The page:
Biodiversity consequences of predation and host plant hybridization on an aphid-ant mutualism

  • Wimp G
  • Whitham T
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Abstract

We examined the hypothesis that mutualists, predators, and host plant quality act in concert to determine the distribution and abundance of a common herbivore. The aphid, Chaitophorus populicola, is found only in association with ants, which provide tending services and protection from predators. As a consequence, aphid abundance declined by 88% on host plants located greater than or equal to6 m from an ant mound. Differences in host plant quality resulted in aphid fecundity being greatest on narrowleaf cottonwoods, 7-22% less on backcross hybrids, 37-46% less on F-1 hybrids, and 57-61% less on Fremont cottonwoods. Due to the combined effects of these factors, we found that the realized aphid habitat was only 21% of their potential habitat. On trees where aphids and tending ants are present, aphids and ants greatly outnumber any other arthropod species; therefore, we examined the hypothesis that the factors affecting aphid density and distribution are also determinants of arthropod community structure. On a per-tree basis, observational data showed that arthropod species richness was 51% greater and abundance was 67% greater on trees where aphid-ant mutualists were absent relative to trees where they were present. When aphids were experimentally removed and ants abandoned the tree, we found the same pattern. On a per-tree basis, arthropod species richness increased by 57%, and abundance increased by 80% where aphid-ant mutualists were removed, relative to control trees. Overall, a total of 90 arthropod species were examined in this study: 56% were found only on trees without aphid-ant mutualists, 12% were found only on trees with aphid-ant mutualists, and 32% were common to both. Specific guilds were also affected; the aphid-ant mutualism had a negative effect on herbivores, generalist predators, and other species of tending ants, and a positive effect on specialist enemies of aphids. These results suggest that, by examining the factors responsible for the population dynamics of a common herbivore, we may also uncover mechanisms that determine arthropod community structure. Furthermore, studies that address the role of mutualism in shaping communities are underrepresented in the literature; these results emphasize the importance of mutualism in ecological communities.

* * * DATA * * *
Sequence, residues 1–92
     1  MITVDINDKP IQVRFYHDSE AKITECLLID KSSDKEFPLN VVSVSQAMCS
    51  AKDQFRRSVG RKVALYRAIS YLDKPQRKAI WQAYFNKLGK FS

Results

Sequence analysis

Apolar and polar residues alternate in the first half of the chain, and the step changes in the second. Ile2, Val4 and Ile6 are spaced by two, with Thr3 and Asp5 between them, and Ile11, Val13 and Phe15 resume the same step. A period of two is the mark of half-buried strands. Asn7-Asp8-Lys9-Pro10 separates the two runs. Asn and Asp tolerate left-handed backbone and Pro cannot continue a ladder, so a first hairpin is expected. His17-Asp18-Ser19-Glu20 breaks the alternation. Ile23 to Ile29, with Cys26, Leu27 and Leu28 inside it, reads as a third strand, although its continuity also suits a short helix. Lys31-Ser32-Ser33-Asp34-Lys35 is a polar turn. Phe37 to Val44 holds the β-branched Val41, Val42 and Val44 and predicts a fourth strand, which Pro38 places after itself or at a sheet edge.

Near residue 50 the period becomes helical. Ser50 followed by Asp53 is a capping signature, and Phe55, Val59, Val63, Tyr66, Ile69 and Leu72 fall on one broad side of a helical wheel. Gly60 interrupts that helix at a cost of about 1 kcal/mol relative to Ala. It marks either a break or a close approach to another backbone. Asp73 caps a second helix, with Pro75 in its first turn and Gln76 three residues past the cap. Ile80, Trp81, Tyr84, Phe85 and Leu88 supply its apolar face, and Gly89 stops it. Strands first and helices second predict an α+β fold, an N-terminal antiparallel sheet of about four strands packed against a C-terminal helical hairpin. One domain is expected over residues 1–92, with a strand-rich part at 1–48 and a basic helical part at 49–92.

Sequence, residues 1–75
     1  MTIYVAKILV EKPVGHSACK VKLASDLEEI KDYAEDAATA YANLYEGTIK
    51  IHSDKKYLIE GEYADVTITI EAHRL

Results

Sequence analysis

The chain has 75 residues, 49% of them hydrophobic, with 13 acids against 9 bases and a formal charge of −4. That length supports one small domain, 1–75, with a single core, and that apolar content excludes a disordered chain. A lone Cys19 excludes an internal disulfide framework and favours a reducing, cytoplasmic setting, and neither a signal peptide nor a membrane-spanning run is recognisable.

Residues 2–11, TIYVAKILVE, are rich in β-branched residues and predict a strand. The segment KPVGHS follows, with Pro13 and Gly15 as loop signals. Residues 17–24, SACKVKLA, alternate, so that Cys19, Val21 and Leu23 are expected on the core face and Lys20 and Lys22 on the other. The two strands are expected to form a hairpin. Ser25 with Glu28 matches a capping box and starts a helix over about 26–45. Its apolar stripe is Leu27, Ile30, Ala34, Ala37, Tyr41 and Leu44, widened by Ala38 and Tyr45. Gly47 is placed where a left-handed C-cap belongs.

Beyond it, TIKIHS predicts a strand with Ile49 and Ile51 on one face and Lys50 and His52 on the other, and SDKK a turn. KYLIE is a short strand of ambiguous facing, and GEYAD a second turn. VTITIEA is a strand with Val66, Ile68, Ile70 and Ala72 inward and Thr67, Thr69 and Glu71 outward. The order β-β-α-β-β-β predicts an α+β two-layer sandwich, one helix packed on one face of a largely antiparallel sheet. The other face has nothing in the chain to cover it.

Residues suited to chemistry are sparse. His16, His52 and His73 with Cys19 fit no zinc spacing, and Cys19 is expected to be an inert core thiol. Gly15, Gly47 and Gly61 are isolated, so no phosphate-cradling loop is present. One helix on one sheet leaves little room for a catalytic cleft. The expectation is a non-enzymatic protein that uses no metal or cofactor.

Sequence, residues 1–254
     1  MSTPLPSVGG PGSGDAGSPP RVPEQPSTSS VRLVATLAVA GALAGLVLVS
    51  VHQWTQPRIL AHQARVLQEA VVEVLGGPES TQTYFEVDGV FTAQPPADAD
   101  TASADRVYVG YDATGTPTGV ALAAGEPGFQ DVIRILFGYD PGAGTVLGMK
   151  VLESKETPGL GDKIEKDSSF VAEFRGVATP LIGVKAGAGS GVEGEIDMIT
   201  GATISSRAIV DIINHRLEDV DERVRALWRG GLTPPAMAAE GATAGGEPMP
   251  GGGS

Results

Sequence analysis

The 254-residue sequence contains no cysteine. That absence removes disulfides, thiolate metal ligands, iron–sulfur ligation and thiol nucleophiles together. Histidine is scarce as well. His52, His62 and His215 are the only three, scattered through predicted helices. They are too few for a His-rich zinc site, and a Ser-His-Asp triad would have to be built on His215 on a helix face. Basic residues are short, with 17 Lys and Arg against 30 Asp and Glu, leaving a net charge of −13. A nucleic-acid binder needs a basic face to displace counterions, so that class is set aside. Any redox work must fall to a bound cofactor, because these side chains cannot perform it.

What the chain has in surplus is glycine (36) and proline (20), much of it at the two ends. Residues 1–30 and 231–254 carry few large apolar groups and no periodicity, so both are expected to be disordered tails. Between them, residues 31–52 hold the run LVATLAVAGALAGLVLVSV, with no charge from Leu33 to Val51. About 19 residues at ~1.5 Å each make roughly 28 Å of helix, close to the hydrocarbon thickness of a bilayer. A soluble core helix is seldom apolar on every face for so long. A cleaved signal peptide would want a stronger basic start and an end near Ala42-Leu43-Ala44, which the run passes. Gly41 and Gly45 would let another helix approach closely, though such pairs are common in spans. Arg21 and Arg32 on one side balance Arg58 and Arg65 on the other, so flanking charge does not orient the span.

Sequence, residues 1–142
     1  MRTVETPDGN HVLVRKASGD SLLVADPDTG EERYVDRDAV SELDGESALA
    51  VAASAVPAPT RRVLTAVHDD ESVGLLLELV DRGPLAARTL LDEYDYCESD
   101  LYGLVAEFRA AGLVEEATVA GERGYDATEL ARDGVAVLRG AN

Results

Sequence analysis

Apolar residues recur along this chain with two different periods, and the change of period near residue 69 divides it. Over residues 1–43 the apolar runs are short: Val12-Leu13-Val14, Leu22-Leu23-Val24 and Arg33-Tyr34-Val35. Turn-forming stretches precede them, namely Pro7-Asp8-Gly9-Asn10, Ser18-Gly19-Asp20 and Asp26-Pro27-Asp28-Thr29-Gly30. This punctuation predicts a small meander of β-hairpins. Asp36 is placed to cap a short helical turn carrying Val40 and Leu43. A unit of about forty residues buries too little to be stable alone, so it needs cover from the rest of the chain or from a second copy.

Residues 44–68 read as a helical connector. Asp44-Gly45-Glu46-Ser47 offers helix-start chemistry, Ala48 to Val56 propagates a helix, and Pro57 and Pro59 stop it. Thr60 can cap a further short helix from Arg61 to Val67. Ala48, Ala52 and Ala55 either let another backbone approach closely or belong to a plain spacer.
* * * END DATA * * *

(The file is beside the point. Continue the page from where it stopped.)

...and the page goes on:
Author-supplied keywords

  • Aphid-ant mutualism
  • Biodiversity
  • Chaitophorus populicola
  • Community structure
  • Formica propinqua
  • Herbivory
  • Host plant quality
  • Hybridization
  • Populus fremontii × P. angustifolia
  • Predation

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Authors

  • G. M. Wimp

  • T. G. Whitham

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